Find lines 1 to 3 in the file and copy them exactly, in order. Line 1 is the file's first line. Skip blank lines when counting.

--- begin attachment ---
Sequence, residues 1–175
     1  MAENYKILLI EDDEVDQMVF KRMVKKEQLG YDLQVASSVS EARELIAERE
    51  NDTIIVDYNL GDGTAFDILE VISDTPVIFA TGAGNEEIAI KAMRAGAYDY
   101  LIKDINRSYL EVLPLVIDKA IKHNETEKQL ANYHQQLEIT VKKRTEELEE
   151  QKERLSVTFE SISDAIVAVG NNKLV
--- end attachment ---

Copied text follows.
Sequence, residues 1–175
     1  MAENYKILLI EDDEVDQMVF KRMVKKEQLG YDLQVASSVS EARELIAERE
    51  NDTIIVDYNL GDGTAFDILE VISDTPVIFA TGAGNEEIAI KAMRAGAYDY